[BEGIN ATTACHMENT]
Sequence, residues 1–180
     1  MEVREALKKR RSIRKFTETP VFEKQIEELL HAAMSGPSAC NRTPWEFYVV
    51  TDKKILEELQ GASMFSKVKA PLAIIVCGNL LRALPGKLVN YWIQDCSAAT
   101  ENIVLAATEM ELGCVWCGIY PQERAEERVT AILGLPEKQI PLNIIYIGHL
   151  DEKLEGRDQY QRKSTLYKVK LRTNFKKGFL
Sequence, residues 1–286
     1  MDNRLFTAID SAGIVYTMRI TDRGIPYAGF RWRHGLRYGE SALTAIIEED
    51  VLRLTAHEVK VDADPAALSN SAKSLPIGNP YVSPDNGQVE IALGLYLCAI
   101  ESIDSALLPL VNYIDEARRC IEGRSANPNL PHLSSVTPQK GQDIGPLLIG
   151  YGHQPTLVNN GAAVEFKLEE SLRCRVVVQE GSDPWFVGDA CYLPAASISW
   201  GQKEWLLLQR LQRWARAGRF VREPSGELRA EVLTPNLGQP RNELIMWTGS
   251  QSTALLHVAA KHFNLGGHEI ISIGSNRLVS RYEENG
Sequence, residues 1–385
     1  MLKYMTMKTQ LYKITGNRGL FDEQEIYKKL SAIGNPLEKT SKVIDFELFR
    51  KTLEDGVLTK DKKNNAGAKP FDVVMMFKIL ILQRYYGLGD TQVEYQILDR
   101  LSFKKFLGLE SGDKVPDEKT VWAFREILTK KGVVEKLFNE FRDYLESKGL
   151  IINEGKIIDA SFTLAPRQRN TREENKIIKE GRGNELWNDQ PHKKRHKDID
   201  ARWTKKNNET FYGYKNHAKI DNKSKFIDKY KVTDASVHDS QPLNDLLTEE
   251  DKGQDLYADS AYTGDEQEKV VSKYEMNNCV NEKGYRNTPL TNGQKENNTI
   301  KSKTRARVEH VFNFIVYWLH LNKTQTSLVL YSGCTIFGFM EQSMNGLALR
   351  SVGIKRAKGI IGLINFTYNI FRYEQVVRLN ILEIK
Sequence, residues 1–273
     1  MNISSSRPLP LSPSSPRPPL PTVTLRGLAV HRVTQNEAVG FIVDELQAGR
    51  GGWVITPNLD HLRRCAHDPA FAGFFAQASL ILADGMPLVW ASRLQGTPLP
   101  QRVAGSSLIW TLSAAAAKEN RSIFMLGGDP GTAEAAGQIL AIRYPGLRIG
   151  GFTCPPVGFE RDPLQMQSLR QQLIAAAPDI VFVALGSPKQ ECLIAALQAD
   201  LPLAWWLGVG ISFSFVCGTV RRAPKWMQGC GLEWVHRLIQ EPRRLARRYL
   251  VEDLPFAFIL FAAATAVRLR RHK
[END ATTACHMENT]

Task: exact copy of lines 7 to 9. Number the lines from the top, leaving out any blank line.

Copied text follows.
     1  MDNRLFTAID SAGIVYTMRI TDRGIPYAGF RWRHGLRYGE SALTAIIEED
    51  VLRLTAHEVK VDADPAALSN SAKSLPIGNP YVSPDNGQVE IALGLYLCAI
   101  ESIDSALLPL VNYIDEARRC IEGRSANPNL PHLSSVTPQK GQDIGPLLIG